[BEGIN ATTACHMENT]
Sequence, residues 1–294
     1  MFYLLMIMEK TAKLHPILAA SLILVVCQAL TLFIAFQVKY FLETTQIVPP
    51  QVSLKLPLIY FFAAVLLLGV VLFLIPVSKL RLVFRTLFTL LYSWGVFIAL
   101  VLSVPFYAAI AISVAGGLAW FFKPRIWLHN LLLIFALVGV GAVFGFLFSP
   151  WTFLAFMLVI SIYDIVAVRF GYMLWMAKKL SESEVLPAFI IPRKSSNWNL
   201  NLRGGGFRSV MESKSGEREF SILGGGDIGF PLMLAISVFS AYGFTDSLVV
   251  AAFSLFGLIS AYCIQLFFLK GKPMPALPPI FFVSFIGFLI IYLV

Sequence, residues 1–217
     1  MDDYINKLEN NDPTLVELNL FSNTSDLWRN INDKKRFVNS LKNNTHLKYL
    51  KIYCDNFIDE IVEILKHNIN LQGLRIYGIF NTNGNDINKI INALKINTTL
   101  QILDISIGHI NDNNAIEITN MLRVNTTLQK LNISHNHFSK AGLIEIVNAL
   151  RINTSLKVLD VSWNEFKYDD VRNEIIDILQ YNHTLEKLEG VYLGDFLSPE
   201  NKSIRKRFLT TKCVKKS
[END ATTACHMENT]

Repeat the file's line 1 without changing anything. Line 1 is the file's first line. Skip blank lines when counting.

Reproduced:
Sequence, residues 1–294